Literature Review

Most of my research supports my main point that digital media has had quite an effect on television, from engagement to viewership to producer decisions. It’s not something that faces much critique, as it’s undeniable that technology has changed and that’s led to growth in the way entertainment is consumed. However, whether or not this change is beneficial to viewers, or if it’s leading to the death of tv as we know it, is something that can be deliberated. Some view streaming avenues such as Netflix, Hulu or Amazon Prime as death sentences to traditional television. For the purposes of my research, they are simply ways in which television has grown with digital media. Additionally, social networking sites may pose the threat to some viewers as providing spoilers if they were unable to watch a show live, but conversely, these channels provide an opportunity to network with viewers around the world as they simultaneously consume the media together (i.e. live tweeting a show finale).

Through my research, I’ve identified many sources to inform my topic. One that has been particularly helpful in beginning my research is the Honors Research Project by Jean Marie McBride of The University of Akron. She researched social media and audience participation in regards to television, which is a big part of what I’m diving into. She conducted a study on actual behavior trends related to three different television shows. This provides me with actual numbers on how audiences engage with popular shows via Twitter.

Another helpful source is an article by Petros Iosifidis from the International Journal of Digital Television called “Changing audience habits? The case of TV versus the PC.” This article was particularly insightful, as my topic is focusing specifically on the impact that digital media has had on television and how that has changed the way audiences interact with their shows. He explores the convergence of television and personal computers, explaining their relationship and how they effect one another and their users. He also explains how “the Internet has increased the amount of content available to TV viewers, let alone that the best of the Internet can be brought to the TV set,” but also identifies that “The problem for companies is to find a way to convince viewers, especially older ones, to take advantage of the available options” (Iosifidis, 178). Essentially, what I took away from his writings was that it’s not easy to change the way an audience will behave, but that the Internet is expanding the options available.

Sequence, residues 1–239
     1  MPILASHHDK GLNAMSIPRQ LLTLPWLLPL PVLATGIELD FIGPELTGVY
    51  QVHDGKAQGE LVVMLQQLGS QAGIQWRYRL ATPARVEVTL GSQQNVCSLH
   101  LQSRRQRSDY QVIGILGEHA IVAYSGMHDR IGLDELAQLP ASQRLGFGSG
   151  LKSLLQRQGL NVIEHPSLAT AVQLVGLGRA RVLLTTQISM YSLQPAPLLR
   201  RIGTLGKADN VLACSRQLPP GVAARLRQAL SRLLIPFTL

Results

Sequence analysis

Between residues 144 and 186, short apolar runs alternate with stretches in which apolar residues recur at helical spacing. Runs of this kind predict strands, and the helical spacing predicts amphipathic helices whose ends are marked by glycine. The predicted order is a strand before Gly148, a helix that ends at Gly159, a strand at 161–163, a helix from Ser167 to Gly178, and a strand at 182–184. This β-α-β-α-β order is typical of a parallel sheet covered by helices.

The article “Twitter Time - A Temporal Analysis of Tweet Streams During Televised Political Debate” by Philip Pond is my key insight into the effects of social media on televised debates. His research is specifically on how useful Twitter can be for communication, especially in the context of democratic practices, like a debate. While the program in question is not American, but Australian, the principles are there and I believe his research is still beneficial to my topic on the relationship between digital media and television.

In “Active Audiences: Social Audience Participation in Television” from the Media Education Research Journal Comunicar, Dr. Quintas-Froufe and Dr. González-Neira looked at the relationship that has changed between viewers and their televisions in regards to the growth of social networks and second screens. They looked at three different talent shows on mainstream channels in Spain and studied their impact on their corresponding Twitter networks. They found that the “results showed that the success of the shows was influenced by the activity in the social network accounts of the presenters and the judges,” creating the connection that social media does have an effect on shows in this day and age (Quintas-Froufe, 89).